How to Write a Successful White Paper: Tips from the ODH
The White Paper is one of two forms of documentation that the NEH Office of Digital Humanities requires of Digital Humanities Advancement Grant (DHAG) and Institute for Advanced Topics in the Digital Humanities (IATDH) awardees.
Interim Performance Reports and Final Performance Reports are internal documents read by NEH staff. We use these reports to confirm that you are in compliance with the grant program expectations. We also use them to keep track of all of our projects and to evaluate the impact of our grant programs.
White Papers, in contrast, serve as the public record of your project after its completion. They are made available publicly through the NEH Funded Projects Query Form, and sometimes hosted on project websites. White Papers are a resource for future applicants and digital humanities project designers, as well as students, researchers, and a general public interested in learning about digital humanities at the NEH.
These guidelines are designed to help you think about how to write a white paper that documents your project in a way that will continue to serve the field. They are not program requirements. Please also refer to the Performance Reporting Requirements document in the Grants Management section of the NEH website for additional guidance.
Before you start, think about who you are writing your white paper for. Depending on your project, the audience of your white paper may include:
Future grant applicants interested in learning about NEH awards.
Digital Humanities project managers looking for insight into project design.
Digital Humanities researchers interested in learning from your project and its outcomes.
Digital Humanities project teams seeking collaborators on a new project.
Undergraduate or graduate students learning about the digital humanities.
Prospective attendees of Institutes for Advanced Topics in DH.
University administrators, community members, or other project stakeholders.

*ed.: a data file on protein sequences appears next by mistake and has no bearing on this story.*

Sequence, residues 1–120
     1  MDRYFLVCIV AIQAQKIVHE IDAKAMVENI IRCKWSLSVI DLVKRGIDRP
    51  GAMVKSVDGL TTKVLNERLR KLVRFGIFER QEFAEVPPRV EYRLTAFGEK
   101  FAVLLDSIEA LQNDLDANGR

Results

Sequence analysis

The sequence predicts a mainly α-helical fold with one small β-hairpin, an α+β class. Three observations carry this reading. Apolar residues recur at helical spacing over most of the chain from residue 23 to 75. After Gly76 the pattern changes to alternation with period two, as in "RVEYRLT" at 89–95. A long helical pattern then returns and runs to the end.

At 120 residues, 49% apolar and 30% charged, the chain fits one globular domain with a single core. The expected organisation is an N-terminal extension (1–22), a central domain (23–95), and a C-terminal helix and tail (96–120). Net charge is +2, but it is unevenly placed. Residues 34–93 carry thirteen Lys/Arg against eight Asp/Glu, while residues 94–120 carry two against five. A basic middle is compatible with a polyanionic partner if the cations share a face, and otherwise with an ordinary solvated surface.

Staff at funding agencies like the NEH and the IMLS.
Length and Style
Your white paper should be written in a style and tone appropriate to the audiences you have identified. In general, this will mean a simpler and more conversational style than a scholarly article.
We find that short paragraphs, subheadings, and limited jargon is helpful. Sometimes, applicants like to produce stylish reports like this one written by a team at the University of Pittsburgh.
Many applicants organize the outcomes of their projects using bulleted lists, figures, tables, and diagrams. We encourage you to think carefully about how you are using data visualization to communicate outcomes. Annotating or captioning visuals may help.
When referring to other projects or research, make sure to provide attributions through citations, embedded links, or a bibliography. You may use whatever citation style you prefer.
Be sure to think about accessibility when producing your white paper. Here are some resources for learning about accessible design:
White papers are generally 5-15 pages in length, depending on the type of project. For example, a white paper from a Level I convening might be short, while a technically complex Level 3 DHAG could be extensive. IATDH white papers tend to be longer, because they often include the full curriculum, bios of participants, and results of pre-, concurrent, and post-institute evaluations. The length might also increase if you are including numerous screenshots in an appendix.
Unlike grant applications, there are no requirements for the length of a white paper.
What follows is an outline that we recommend you use when organizing your white paper. The guiding questions are designed to help you think about what you want to write. Because ODH projects vary so widely, we expect that most awardees will need to modify this outline to meet the specifics of their project. Not every guiding question will apply to your project.
When writing the white paper, it can help to return to your original application as you reflect on what you proposed and how your project has changed. In fact, you are welcome to include content from your grant application in your white paper, especially if you conducted preliminary research when writing your proposal. This allows you to share the work you did in your initial application with a wider audience.
1. Project Summary
Begin with a brief 1-2 paragraph introduction that summarizes your project’s goals, outcomes, and primary collaborators. Include links to the project or institute website and any other key content available online.
You may wish to include a Table of Contents.
2. Project Origins and Goals
The primary purpose of this section is to introduce readers to your project, describe how it came to be, and summarize its impact on the field.
What questions or needs motivated you to develop and seek funding for your project or institute?
Who were the intended users/audiences for this project?